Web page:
Between the discussions of “green” everything the matching debate is about sustainability. While working on some background research for my thesis I stumbled upon an article about how the United States soybean producers are working to ensure that the public understands this organizations mission to be sustainable.
“Many people define and measure sustainability differently, and the discussion about what it really means can generate more heat than light,” said David Wilson, USB Sustainability Initiative Chair and soybean farmer from Lincoln, Ala. “Agriculture has been working well for 10,000 years, so it has always been sustainable historically. But soybean producers are doing some innovative work recently to improve on that success and make sure soybean production continually decreases environmental impact and remains sustainable going forward.”
Here is the new website link: USB Thinking Ahead
My question about this popular trend of sustainability:
So are we in danger of loosing agriculture? Or are we just in danger of not having the ability to feed the growing world population? What are the dangers of new technology is everyday life as compared to food technologies? Why are so many people against genetically modified food, don’t we all want to end world hunger? What other forms of sustainable agriculture will continue the lifestyle that we all know so well? Is agriculture really the root of all evil, meaning the continuing debate about global warming?
I am not really sure what to make out of this craze-trend of sustainability, I also didn’t gain much insight for the USDA either. The USDA definiton is below.
What are you opinions on sustainability and how would you define it?
|Sustainable Agriculture: The Basics
Some terms defy definition. “Sustainable agriculture” has become one of them. In such a quickly changing world, can anything be sustainable? What do we want to sustain? How can we implement such a nebulous goal? Is it too late? With the contradictions and questions have come a hard look at our present food production system and thoughtful evaluations of its future. If nothing else, the term “sustainable agriculture” has provided “talking points,” a sense of direction, and an urgency, that has sparked much excitement and innovative thinking in the agricultural world.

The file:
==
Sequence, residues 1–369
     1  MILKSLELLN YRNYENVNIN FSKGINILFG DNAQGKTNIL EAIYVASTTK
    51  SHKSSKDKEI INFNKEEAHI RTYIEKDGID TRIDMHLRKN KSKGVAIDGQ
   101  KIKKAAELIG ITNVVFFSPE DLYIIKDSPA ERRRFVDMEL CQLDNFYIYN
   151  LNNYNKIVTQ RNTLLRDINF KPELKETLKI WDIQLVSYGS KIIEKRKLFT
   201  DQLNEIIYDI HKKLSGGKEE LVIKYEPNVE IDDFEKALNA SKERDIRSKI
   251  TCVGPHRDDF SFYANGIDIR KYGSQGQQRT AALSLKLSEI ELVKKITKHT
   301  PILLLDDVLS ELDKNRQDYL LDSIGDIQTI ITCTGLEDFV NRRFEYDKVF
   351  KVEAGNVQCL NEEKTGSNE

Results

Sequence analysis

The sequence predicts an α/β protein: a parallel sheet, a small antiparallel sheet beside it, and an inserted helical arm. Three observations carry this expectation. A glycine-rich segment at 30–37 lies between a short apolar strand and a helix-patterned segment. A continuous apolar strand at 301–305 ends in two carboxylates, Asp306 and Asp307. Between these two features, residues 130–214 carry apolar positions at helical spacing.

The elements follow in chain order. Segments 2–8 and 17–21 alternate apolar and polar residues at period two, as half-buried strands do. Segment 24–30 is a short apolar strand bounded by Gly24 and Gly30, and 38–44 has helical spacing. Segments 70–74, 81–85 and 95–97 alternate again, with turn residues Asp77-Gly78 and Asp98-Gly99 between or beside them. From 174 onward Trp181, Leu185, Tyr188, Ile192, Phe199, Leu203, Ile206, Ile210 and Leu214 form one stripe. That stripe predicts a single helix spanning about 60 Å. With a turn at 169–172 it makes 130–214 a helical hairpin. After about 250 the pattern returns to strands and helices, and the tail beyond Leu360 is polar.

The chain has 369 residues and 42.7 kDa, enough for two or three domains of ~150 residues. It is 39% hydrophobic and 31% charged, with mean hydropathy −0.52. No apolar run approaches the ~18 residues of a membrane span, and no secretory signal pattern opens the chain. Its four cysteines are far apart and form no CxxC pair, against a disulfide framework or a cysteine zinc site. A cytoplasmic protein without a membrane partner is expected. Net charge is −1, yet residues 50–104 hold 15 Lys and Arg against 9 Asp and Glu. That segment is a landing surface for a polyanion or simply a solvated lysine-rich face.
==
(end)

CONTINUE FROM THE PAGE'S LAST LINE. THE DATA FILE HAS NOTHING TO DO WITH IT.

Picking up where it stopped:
The word “sustain,” from the Latin sustinere (sus-, from below and tenere, to hold), to keep in existence or maintain, implies long-term support or permanence. As it pertains to agriculture, sustainable describes farming systems that are “capable of maintaining their productivity and usefulness to society indefinitely. Such systems… must be resource-conserving, socially supportive, commercially competitive, and environmentally sound.” [John Ikerd, as quoted by Richard Duesterhaus in “Sustainability’s Promise,” Journal of Soil and Water Conservation (Jan.-Feb. 1990) 45(1): p.4. NAL Call # 56.8 J822]
“Sustainable agriculture” was addressed by Congress in the 1990 “Farm Bill” [Food, Agriculture, Conservation, and Trade Act of 1990 (FACTA), Public Law 101-624, Title XVI, Subtitle A, Section 1603 (Government Printing Office, Washington, DC, 1990) NAL Call # KF1692.A31 1990]. Under that law, “the term sustainable agriculture means an integrated system of plant and animal production practices having a site-specific application that will, over the long term:
[Subchapter I: Findings, Purposes, and Definitions, U.S. Code, Title 7, Chapter 64-Agricultural Research, Extension and Teaching, Available at GPO Access:http://frwebgate.access.gpo.gov/cgi-bin/